In an effort to lift spirits, workers and families effected by the devastating Thomas Foods International (TFI) fire gathered together for a barbecue at Sturt Reserve on Friday.
Organised predominately by the Australasian Meat Industry Employees Union (AMIEU) and supported by various Murray Bridge businesses and organisations, over 200 people congregated to support one-another during this time of turmoil.
AMIEU organiser and former TFI workers Jayme Marshall was instrumental in setting up the event, and said he just wanted to help his friends.
“We tried to set something up so that, for one afternoon at least, the workers and their families could try and forget about everything,” he said.
Full-time worker Damien Hill said the fire had forced his family to reevaluate their immediate plans – due to having one young son another baby due in two months.
“It definitely threw a big spanner in the works,” he said. “I am worried not knowing what’s happening.”
He said his bank had put certain repayments on hold until April, but that he might have to start looking for other work until the facility was operational again.
“I don’t want to leave – I love working there, but it’s reality that I’ll probably have to look for work elsewhere in the meantime if we don’t hear anything today,” Mr Hill said.
Another worker, who wished to remain anonymous, said he worked in maintenance and was sympathetic towards his co-worker who accidentally started the fire.
“It really was just an unfortunate accident, so I feel for them,” he said.
He said he would prefer more communication from TFI, saying he felt there hadn’t been enough.
“Even if we were just told ‘we don’t know’… that would be better than not much at all,” he said.
TFI chief executive officer Darren Thomas said the company was working towards the best possible scenarios for all impacted.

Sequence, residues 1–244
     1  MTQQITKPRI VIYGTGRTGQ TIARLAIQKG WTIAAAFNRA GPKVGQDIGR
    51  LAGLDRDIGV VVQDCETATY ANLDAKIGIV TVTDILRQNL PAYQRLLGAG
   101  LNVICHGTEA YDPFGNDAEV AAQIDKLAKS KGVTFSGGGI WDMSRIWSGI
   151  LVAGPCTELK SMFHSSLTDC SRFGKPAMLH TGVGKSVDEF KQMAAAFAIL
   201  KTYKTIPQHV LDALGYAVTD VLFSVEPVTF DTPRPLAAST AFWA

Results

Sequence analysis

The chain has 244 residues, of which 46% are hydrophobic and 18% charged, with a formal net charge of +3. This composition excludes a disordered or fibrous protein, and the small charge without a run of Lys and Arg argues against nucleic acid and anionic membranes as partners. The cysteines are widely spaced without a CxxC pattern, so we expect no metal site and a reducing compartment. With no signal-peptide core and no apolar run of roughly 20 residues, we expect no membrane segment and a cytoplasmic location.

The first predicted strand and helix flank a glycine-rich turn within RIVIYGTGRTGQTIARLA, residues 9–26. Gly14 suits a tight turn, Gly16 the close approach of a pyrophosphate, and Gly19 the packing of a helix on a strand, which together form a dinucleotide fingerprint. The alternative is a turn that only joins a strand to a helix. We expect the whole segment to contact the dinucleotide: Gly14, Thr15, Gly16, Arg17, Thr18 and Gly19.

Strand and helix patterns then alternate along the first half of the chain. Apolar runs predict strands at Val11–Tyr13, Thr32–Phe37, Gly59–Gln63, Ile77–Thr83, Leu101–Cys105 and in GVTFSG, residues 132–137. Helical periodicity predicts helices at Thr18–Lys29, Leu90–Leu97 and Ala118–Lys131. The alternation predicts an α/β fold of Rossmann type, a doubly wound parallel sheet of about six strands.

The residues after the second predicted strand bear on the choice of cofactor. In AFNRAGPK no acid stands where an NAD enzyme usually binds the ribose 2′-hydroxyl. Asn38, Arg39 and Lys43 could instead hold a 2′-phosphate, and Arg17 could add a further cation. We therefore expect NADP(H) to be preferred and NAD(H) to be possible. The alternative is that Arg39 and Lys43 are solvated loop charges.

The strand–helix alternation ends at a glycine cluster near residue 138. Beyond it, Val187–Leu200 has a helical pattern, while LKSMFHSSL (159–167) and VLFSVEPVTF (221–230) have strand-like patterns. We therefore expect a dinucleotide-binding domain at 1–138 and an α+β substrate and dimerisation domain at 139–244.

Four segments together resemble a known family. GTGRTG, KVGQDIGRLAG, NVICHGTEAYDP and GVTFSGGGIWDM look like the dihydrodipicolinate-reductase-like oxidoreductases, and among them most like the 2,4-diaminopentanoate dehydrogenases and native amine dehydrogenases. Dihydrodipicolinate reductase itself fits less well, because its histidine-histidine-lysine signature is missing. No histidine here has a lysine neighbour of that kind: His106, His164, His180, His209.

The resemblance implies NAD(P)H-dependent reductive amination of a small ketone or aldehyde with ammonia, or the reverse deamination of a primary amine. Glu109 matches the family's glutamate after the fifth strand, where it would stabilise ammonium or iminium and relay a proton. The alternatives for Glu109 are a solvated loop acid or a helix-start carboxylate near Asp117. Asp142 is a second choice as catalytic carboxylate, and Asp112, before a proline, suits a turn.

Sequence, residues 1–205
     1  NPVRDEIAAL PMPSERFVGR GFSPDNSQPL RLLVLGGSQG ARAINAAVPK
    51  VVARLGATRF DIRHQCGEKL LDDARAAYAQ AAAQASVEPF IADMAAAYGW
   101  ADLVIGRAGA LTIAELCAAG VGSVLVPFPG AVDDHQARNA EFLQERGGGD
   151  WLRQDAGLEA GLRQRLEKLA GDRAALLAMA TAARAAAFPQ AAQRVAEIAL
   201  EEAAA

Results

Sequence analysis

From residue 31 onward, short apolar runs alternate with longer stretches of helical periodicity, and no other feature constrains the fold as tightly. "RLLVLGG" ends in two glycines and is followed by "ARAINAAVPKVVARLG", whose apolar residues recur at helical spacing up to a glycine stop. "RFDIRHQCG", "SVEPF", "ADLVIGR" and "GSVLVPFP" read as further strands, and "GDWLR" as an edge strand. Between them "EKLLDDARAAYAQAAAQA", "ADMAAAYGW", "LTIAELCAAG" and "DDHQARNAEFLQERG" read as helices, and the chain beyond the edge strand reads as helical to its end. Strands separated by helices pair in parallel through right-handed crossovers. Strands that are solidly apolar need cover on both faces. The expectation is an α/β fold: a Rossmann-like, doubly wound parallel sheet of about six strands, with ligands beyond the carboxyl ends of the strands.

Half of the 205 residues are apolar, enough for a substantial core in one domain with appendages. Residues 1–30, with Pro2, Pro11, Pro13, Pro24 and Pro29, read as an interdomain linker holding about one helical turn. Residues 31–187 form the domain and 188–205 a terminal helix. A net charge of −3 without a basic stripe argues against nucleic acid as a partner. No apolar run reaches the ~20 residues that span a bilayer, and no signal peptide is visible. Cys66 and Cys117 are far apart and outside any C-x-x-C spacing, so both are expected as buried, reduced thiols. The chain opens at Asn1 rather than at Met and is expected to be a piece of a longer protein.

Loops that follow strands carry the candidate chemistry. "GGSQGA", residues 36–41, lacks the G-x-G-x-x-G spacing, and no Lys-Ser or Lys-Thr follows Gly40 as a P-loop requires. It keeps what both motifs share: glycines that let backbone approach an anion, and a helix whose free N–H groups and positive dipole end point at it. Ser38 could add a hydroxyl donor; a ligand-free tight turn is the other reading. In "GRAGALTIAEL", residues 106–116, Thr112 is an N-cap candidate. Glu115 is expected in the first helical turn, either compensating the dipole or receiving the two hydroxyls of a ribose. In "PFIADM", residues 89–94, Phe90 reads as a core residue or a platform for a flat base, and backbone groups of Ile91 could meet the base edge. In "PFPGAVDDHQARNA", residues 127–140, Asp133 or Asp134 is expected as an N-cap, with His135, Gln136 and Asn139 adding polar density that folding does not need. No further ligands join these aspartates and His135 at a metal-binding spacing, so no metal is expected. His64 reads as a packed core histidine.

“We’ve got a lot of plans and we’ll certainly be talking more about them in the weeks to come.
“It could take a bit longer than some might hope, but we are 100 per cent committed to rebuilding here, and we’re committed to our workers and to the Murray Bridge community, because without them we wouldn’t be what we are,” he said.
Mr Thomas said the coming months would be testing.
“It is going to be hard before it gets better, but it will get better,” he said.
Premier Jay Weatherill made a surprise appearance to show support for the workers and families who were “still coming to grips” with the fire.
“It’s obviously a massive shock to have the abattoir burn down in that way,” he said.
“But it’s great that people have decided to gather together while they’re still in this really uncertain stage to support each other and that’s why I wanted to be here.”
Both Mr Weatherill and Mr Thomas both said there would be “important” decisions made in the coming weeks.
“There’s the big decisions about what the future looks like, but there’s also what they do in the meantime,” Mr Weatherill said.
“Of course that’s critically important for the 900 or so full-time workers out there that want to know whether they’ve got a future for themselves and their families at the meat works.”
Mr Weathrill said there was a possibility of federal and state government aid.
“We’ll stand with you all the way.”